MOAA-Backed Bill Would Make Spouse Licensure Support Program Permanent

MOAA-Backed Bill Would Make Spouse Licensure Support Program Permanent
Military spouses take part in a 2019 job fair at Edwards Air Force Base, Calif. (Photo by Giancarlo Casem/Air Force)

Almost 4 in 10 military spouses work in a profession requiring licensing or certification. These spouses are disproportionately affected by state-specific licensure requirements, causing delays and gaps in employment after military moves.

 

Although the Defense-State Liaison Office (DSLO) works to develop interstate compacts for a variety of professional fields including nursing, physical therapy, teaching, social work, and dentistry/dental hygiene, the progress is slow. States such as Utah and Alabama are leading the way with legislation enacted to support numerous interstate compacts, but states like New York and California are severely lagging behind with no compacts enacted to date. You can check the status of all 50 states by visiting the DSLO website.

 

[STATE-BY-STATE BENEFITS: MOAA's Military State Report Card and Tax Guide]

 

Relicensing costs add up quickly with PCS moves every two to three years. The FY 2018 National Defense Authorization Act (NDAA) authorized the reimbursement of qualified relicensing costs up to $500, including exam and registration fees. The FY 2020 NDAA raised the maximum reimbursement amount to $1,000, but this program has a sunset date of Dec. 31, 2024.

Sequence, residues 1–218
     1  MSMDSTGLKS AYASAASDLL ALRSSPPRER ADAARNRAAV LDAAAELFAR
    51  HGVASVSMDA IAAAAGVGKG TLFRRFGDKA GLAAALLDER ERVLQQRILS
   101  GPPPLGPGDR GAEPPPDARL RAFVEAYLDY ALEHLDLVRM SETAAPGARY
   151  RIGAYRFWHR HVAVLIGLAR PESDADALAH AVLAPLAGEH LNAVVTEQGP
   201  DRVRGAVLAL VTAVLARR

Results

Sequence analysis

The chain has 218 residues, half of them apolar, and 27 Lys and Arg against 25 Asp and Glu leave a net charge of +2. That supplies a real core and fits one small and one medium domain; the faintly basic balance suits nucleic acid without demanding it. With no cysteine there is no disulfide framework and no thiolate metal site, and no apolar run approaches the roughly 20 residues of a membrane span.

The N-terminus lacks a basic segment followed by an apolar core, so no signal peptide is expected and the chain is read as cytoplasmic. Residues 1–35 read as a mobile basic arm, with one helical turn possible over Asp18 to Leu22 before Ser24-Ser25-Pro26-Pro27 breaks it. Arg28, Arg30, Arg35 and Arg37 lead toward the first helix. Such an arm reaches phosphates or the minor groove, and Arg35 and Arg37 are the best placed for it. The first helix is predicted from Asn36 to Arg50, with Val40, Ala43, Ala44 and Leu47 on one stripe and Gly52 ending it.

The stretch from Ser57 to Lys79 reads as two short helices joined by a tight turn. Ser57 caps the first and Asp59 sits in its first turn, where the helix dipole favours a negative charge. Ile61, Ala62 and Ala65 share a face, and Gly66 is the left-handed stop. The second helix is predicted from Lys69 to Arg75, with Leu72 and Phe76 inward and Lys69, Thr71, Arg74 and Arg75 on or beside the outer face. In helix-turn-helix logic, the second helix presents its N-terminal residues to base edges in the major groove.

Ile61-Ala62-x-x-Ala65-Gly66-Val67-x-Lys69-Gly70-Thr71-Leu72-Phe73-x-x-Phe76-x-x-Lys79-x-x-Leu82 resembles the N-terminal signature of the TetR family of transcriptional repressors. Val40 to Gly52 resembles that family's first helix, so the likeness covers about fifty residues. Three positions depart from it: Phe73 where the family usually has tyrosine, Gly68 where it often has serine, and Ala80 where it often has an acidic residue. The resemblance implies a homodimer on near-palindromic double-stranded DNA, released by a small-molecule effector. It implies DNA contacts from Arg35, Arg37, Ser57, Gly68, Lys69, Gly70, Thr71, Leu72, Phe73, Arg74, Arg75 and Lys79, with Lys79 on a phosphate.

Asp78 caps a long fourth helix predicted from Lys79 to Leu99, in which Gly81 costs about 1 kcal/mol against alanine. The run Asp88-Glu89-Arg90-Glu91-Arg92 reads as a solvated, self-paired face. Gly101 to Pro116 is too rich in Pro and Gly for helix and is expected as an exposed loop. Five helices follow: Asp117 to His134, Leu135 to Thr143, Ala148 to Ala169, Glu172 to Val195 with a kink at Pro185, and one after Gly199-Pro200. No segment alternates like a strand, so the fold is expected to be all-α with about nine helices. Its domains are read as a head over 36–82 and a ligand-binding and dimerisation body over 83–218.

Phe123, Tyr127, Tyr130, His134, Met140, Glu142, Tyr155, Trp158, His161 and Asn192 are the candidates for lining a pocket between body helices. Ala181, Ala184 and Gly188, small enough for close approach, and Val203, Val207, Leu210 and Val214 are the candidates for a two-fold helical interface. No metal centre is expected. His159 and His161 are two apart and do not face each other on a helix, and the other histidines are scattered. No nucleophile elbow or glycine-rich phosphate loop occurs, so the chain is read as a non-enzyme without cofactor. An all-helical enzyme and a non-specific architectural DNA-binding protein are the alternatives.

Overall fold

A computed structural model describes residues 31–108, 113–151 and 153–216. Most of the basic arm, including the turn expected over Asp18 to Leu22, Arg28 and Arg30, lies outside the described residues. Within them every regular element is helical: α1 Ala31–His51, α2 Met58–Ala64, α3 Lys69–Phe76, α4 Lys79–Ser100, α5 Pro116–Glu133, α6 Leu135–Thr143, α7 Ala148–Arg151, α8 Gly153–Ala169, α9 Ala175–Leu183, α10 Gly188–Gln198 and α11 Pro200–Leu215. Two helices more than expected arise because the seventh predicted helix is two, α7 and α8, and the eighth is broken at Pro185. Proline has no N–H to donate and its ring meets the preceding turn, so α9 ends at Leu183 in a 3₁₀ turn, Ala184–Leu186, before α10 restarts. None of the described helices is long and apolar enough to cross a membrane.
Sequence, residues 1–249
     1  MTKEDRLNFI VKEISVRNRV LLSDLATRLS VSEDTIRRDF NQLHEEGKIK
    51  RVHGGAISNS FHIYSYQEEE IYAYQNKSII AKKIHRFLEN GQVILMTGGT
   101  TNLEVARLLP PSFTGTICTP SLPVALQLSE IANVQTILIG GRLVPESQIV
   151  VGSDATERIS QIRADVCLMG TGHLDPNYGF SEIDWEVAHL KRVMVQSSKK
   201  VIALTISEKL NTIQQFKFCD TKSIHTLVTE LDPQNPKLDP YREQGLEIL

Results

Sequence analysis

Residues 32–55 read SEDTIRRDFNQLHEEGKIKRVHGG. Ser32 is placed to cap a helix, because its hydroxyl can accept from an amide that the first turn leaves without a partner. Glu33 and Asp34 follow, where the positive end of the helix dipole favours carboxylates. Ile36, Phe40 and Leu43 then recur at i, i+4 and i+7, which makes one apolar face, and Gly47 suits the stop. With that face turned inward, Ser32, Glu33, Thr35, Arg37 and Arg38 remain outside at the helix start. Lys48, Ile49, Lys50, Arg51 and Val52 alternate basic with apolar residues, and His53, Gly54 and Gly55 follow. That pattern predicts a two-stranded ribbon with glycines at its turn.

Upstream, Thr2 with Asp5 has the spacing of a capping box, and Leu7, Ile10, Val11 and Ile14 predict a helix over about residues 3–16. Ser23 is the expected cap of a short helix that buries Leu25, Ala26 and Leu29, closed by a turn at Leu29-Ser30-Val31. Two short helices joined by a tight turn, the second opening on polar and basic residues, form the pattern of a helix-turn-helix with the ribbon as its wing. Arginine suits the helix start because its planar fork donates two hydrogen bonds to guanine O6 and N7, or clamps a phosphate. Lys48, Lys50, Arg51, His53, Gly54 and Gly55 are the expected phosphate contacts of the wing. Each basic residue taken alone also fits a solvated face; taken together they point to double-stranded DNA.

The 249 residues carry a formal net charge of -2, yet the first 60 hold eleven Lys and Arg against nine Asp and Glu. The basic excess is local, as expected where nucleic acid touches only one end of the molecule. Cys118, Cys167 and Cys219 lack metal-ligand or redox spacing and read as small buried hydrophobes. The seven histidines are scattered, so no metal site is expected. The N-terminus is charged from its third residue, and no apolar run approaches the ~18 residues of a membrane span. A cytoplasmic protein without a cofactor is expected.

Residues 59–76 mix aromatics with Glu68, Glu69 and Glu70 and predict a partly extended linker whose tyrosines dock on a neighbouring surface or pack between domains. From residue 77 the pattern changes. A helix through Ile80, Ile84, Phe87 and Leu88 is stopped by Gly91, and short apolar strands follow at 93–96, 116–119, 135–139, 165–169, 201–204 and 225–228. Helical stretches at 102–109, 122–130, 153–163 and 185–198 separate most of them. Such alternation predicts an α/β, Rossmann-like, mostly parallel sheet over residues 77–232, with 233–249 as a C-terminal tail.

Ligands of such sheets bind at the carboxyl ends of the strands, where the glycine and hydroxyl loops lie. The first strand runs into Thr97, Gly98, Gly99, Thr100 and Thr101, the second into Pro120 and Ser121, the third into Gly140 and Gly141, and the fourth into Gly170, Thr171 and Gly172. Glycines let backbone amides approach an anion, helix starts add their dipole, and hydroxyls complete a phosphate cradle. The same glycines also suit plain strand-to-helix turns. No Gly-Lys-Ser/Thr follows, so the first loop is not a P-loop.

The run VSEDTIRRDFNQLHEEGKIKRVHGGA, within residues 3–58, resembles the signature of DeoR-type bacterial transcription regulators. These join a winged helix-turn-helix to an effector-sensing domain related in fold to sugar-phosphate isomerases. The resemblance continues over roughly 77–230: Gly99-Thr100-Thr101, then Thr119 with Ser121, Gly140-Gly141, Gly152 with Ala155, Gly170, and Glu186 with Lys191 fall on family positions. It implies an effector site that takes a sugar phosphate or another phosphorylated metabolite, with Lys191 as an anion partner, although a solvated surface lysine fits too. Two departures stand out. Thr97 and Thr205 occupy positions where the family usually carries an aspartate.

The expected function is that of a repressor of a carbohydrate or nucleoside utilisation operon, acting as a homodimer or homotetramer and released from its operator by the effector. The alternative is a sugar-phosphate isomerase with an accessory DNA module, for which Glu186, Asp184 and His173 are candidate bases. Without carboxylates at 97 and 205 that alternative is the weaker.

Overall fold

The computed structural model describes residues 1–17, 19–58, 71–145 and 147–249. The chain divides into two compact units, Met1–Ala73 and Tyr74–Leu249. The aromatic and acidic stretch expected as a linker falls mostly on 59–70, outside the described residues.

Earlier this year, Reps. Matt Cartwright (D-Pa.) and Sanford Bishop (D-Ga.) joined Del. Eleanor Holmes Norton (D-D.C.) to introduced the Military Spouse Jobs Continuity Act (H.R. 7840) – legislation permanently authorizing the military spouse licensure reimbursement program.

 

Military-mandated moves are not going to stop, and with the continued high rate of unemployment among military spouses, the permanent establishment of this program is a must.

 

[TAKE ACTION: Ask Your House Member to Support the Military Spouse Jobs Continuity Act]

 

“Although DSLO continues to make progress with interstate compacts for many professions, the more than 30% of spouses who work in licensed or credentialed fields still face significant issues when transferring across state lines,” said Lt. Gen. Dana T. Atkins, USAF (Ret), president and CEO of MOAA. “The reimbursement program is an important measure to help mitigate these burdensome fees until reciprocity is reached for all licensed/credentialed fields across all 50 states.”

 

Cartwright has long been a champion for the military spouse community, originally introducing the Military Spouse Job Continuity Act in the 113th session of Congress and in subsequent sessions until its inclusion in the FY 2018 NDAA.

 

Contact your representative today and urge them to support H.R. 7840 to permanently authorize the military spouse licensure reimbursement program.

 

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About the Author

Jen Goodale
Jen Goodale

Goodale is MOAA's Director of Government Relations for Military Family Policy and Spouse Programs.